Since the middle of August 2020, hundreds of wildfires have been burning in California, from near the Mexico border to the forests of the Sierra Nevada. Record-high temperatures in addition of strong winds further energized the flames, prompting the fires to spread rapidly and sending plumes of ash and smoke into the skies across several states. A satellite image taken Monday showed smoke blowing as far east as Kansas.
Historically, fire season in California peaks in October during drought peak. But as temperatures rise, extreme drought conditions will occur earlier in the year. Average temperatures statewide rose by 1.8°C since 1980, while precipitation dropped by 30%. That doubled the number of autumn days that offer extreme conditions for the ignition of wildfires. Climate models estimate that average state temperatures will climb by 2 to 3°C by 2050.
Hotter temperatures, reduced summer precipitation and snow that melts sooner in spring lead to drier soils and parched vegetation. Surrounded by warm air, the plants lose additional moisture. The dry vegetation can easily be ignited by lightning strikes or open fire, and provides abundant fuel to the flames.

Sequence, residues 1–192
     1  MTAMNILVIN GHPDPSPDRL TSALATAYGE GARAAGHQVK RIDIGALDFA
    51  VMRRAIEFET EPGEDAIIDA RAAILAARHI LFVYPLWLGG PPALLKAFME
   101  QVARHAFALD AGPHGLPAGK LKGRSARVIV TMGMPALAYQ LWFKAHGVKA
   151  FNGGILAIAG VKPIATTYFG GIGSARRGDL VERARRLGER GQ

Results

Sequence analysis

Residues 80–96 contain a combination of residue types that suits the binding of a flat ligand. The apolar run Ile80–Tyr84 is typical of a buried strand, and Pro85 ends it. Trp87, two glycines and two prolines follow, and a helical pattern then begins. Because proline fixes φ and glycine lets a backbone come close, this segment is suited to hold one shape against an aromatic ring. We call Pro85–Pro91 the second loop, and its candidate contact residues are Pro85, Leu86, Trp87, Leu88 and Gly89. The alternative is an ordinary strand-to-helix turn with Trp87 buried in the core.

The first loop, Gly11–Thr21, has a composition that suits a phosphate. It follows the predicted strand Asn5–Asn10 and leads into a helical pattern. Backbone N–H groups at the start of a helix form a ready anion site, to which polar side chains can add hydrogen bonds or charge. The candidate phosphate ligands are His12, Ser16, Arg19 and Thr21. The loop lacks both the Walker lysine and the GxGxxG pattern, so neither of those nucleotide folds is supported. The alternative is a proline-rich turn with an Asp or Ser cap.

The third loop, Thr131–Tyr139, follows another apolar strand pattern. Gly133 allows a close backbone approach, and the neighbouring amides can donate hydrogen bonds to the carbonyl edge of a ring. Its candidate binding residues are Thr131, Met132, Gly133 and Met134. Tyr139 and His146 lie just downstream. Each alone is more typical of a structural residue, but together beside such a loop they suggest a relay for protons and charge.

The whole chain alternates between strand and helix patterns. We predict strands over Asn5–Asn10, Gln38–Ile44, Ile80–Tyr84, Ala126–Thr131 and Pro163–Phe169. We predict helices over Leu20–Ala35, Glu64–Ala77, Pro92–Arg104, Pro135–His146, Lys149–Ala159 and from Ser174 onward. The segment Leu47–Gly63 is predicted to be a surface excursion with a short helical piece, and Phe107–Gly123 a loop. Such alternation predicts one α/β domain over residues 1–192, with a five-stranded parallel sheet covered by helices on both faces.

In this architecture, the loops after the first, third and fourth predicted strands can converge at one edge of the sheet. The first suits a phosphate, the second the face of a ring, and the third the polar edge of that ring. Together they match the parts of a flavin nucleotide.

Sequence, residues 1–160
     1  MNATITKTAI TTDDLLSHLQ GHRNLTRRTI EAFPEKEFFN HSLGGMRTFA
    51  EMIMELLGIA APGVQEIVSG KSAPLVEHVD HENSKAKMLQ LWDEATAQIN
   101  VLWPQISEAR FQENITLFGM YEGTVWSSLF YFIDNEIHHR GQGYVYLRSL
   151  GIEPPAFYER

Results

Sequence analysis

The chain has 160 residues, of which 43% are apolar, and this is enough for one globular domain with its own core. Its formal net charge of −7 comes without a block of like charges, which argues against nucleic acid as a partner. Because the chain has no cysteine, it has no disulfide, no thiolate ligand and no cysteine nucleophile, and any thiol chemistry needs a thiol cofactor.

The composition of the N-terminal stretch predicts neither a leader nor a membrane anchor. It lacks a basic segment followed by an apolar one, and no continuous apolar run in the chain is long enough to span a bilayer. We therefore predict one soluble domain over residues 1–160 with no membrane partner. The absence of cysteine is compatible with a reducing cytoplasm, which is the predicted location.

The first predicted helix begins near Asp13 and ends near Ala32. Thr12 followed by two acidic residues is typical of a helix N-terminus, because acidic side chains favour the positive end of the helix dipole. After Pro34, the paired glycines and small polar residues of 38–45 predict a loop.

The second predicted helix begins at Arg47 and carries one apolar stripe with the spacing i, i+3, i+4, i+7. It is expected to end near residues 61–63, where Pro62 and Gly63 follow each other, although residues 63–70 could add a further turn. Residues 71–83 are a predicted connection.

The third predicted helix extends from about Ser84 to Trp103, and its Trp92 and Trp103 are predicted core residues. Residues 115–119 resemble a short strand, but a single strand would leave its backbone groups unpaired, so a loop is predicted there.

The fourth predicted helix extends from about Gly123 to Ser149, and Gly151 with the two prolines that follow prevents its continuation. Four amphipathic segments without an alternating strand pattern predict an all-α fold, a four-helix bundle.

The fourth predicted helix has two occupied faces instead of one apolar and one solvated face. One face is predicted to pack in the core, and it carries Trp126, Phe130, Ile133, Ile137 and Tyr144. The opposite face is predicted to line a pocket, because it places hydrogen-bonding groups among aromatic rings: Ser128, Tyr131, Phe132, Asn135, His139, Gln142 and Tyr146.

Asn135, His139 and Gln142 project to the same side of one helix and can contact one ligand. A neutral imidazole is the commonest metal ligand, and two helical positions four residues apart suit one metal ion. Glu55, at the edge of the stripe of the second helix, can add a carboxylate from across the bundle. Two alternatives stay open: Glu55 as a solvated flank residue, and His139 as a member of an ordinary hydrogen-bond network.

Esri – a California based software company specialized in data visualization and maps – recently created a short video that maps the location and size of wildfires in California from 1910 to 2019. As the video shows, wildfires are steadily increasing in their severity and size over the past 100 years, with 7 of the largest fires occurring since 2003.
Part of the observed recent rise in wildfires is also the result of past fire management gone wrong. Wildfires are part of the natural cycle in the Southwestern United States. From time to time, fires will consume old or dead vegetation, making space for new plants and the ash fertilizing the soil. However, for about a century, California focused on quickly extinguishing fires rather than allowing for controlled burns, causing dead vegetation to accumulate. The surplus of flammable material in the forest’s undergrowth now feeds much larger flames, that driven by wind will quickly spread into their surroundings.